By Michelle Koidin Jaffee
University of Florida neurologist Maria Bruzzone, M.D., is researching whether routinely using a brain wave test in adults over age 65 to detect certain brain changes prior to undergoing surgery with anesthesia could help predict the likelihood of cognitive complications after surgery. The research is being funded by the Alzheimer’s Association.
Under a new $120,000 grant, Bruzzone will examine whether there is a link between having specific brain changes before surgery and the development of delirium or other cognitive changes after surgery. The research involves using a brain wave monitor called an electroencephalogram, or EEG, to detect specific changes in the brain that may occur during sleep.
These specific changes are more frequently noticed in people with dementia or other cognitive impairment, according to previous research. An estimated 20% of seniors preparing for surgery have preexisting signs of neurocognitive disorders, but currently many of them go undiagnosed before surgery.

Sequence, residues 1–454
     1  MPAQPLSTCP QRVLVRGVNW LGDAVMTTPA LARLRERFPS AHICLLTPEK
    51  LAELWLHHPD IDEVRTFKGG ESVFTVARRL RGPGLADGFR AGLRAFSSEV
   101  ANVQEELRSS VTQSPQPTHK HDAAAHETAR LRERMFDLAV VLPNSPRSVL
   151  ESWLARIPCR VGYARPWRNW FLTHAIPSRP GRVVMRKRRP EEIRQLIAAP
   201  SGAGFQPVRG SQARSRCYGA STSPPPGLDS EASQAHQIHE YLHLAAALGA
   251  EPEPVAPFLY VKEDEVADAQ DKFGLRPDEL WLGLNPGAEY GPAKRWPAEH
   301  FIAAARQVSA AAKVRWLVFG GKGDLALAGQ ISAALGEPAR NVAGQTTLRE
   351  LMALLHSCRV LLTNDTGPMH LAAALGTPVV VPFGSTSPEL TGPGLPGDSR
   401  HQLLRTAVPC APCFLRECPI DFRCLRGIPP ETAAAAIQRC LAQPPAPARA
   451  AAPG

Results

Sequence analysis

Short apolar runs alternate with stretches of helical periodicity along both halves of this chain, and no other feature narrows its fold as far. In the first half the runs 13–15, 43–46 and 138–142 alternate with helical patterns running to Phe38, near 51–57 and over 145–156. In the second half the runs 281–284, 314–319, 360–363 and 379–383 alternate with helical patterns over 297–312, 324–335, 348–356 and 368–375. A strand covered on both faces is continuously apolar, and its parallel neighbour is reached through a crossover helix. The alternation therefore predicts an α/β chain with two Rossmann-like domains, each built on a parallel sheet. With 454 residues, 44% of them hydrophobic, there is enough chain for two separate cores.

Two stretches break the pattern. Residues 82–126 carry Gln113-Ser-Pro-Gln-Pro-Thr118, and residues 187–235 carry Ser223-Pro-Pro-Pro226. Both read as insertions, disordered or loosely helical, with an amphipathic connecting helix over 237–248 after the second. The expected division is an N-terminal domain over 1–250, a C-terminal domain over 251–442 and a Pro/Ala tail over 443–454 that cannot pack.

Working with colleagues at UF’s Perioperative Cognitive Anesthesia Network, Bruzzone will research the impact of providing a routine EEG along with cognitive screening to help identify signs of dementia or other cognitive disorder in people over 65 before they undergo surgery with anesthesia. The goal is to determine whether pre-surgery detection of these biological changes could be used to predict development of short- or long-term cognitive decline after surgery with anesthesia.
“By investigating the value of routine pre-surgical EEG coupled with cognitive screening, I hope to improve the identification of at-risk older adults undergoing surgery with anesthesia,” Bruzzone said. “As both the number of older adults with cognitive vulnerabilities and those undergoing surgical procedures increase exponentially, this is an issue that must be addressed.”